All division starts from a single, fertilized egg cell, the zygote. The following models show the early development of frog cells. This sequence is similar in all vertebrates. Click on the thumbnail to enlarge the picture.

The single cell zygote.

Cleavage:

Cell division (mitosis) begins as the egg divides (cleaves) to form two cells. This first division or cleavage marks the initiation of development and the zygote is now known as an embryo.

Cells produced by cleavage are known as blastomeres. The first cleavage is in the vertical plane, resulting in two blastomeres.

The 2 cell embryo.

The second cleavage, resulting in four blastomeres, is also in the vertical plane.

The 4 cell embryo.

The third cleavage, resulting in eight blastomeres, is horizontal and slightly above the equator of the embryo. The four upper and smaller blastomeres are known as micromeres and the bottom four as macromeres.

The 8 cell embryo.

Blastulation:

The micromeres become the ectoderm (outer layer of body cells) and the macromeres are yolk cells. Cleavage continues until the embryo becomes a spherical hollow blastula of many cells. A cavity usually develops within the blastula and is known as the blastocoel.

The early blastula. The early blastula in cross section.
Gastrulation:

Gradually the micromeres overgrow the yolk and form a dorsal lip over the yolk. The tissue tucks in below the lip and an opening develops that is known as a blastopore. This process is known as gastrulation. It is similar to pushing your finger into an inflated balloon. The internal cavity ultimately becomes the gut of the animal.

Stages in the formation of the blastopore.
 
Early
The Start of the Dorsal Lip
Completely formed blastopore

The frog embryo now has two germ layers, the ectoderm and the endoderm. The internal walls are endodermal cells. Gradually the blastocoel shrinks with the expansion of the gut.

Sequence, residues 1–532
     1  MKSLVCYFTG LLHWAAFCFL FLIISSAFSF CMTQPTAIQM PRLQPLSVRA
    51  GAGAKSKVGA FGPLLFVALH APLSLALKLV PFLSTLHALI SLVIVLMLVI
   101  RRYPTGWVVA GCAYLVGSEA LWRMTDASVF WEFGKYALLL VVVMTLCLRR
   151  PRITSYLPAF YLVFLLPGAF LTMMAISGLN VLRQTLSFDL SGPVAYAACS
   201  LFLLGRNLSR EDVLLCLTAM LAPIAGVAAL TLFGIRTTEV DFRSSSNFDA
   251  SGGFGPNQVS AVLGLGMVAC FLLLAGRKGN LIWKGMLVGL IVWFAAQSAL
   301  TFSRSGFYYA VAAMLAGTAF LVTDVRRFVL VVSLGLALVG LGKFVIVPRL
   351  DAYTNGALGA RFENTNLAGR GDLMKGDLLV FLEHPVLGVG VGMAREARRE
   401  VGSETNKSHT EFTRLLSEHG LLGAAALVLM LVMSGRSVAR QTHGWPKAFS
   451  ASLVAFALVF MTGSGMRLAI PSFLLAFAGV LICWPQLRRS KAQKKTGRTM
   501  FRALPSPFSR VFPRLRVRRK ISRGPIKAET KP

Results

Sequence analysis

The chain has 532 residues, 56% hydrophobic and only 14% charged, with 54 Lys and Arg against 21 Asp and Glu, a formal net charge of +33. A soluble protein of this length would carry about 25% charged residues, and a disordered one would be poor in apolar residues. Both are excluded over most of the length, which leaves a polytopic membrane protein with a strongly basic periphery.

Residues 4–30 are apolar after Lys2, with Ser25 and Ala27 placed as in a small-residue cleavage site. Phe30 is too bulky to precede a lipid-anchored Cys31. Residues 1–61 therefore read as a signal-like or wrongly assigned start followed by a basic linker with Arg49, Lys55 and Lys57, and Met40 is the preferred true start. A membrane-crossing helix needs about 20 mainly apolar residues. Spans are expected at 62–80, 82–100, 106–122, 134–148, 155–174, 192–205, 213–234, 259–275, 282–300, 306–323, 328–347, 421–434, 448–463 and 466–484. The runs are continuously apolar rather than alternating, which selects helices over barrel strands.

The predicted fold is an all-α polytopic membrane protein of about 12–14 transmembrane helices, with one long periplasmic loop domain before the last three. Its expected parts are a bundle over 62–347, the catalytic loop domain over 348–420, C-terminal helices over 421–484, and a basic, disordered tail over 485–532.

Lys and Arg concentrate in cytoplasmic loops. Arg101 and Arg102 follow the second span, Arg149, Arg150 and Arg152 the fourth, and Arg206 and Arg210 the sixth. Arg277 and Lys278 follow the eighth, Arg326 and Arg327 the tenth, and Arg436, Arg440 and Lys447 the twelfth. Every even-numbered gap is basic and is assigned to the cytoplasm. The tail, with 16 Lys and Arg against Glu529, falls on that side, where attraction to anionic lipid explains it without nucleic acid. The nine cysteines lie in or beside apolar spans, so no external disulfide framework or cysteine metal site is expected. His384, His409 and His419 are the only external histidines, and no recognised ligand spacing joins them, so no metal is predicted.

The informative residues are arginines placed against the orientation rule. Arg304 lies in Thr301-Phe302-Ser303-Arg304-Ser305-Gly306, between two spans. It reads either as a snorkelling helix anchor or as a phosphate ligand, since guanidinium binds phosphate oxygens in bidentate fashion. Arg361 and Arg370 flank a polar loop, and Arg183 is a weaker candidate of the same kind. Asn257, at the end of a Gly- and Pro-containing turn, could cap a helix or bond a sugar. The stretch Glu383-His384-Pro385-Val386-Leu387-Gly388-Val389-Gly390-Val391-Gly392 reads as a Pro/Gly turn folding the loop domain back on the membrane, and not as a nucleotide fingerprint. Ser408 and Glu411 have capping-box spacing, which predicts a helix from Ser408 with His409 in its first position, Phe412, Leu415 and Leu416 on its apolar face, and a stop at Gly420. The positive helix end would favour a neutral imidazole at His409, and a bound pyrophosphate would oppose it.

Later in gastrulation irregular cells bud off from the advancing tip of the gut and give rise to the mesoderm or third germ layer. In the gastrula, embryo with three cell layers, the anterior portion of the gut gives rise to a body cavity known as a coelom.

Cross-section of the gastrula.

 

Day 1 Assignment - Intro to Animals
This assignment must be turned in by the beginning of class tomorrow to receive credit.
Scoring criterialink to a local webpage

  1. Print off this diagram, Animal Kingdom tree. Follow the direction on the diagram. Attach it to this assignment.(word doc. version) link to a local webpage
  2. Right click on this(Animalia Kingdom) and "save target as" to you desktop. After video has downloaded watch video and complete short quiz at the end. Write your answer here.
  3. What are the characteristics of the cells found in all members of the Kingdom Animalia?
  4. When studying animals what are the basic body Characteristics that are important?
  5. Do any members of the animal kingdom have spherical symmetry?
  6. How are an embryo and a fetus different?
  7. What is blastulation? When does it happen? What does it look like?
  8. Which of the three germ layers forms the heart and lungs of humans?
  9. Draw a quadruped and label the four directions on its body.
  10. What are some of the duties animal caretakers perform?
  11. What working conditions can an animal caretaker expect?
  12. What is the Median annual earnings of veterinarians?

Research Links:

 

 

 

 

 

 

 

   

 

All members of the plant kingdom are autotrophic while all animals are heterotrophic.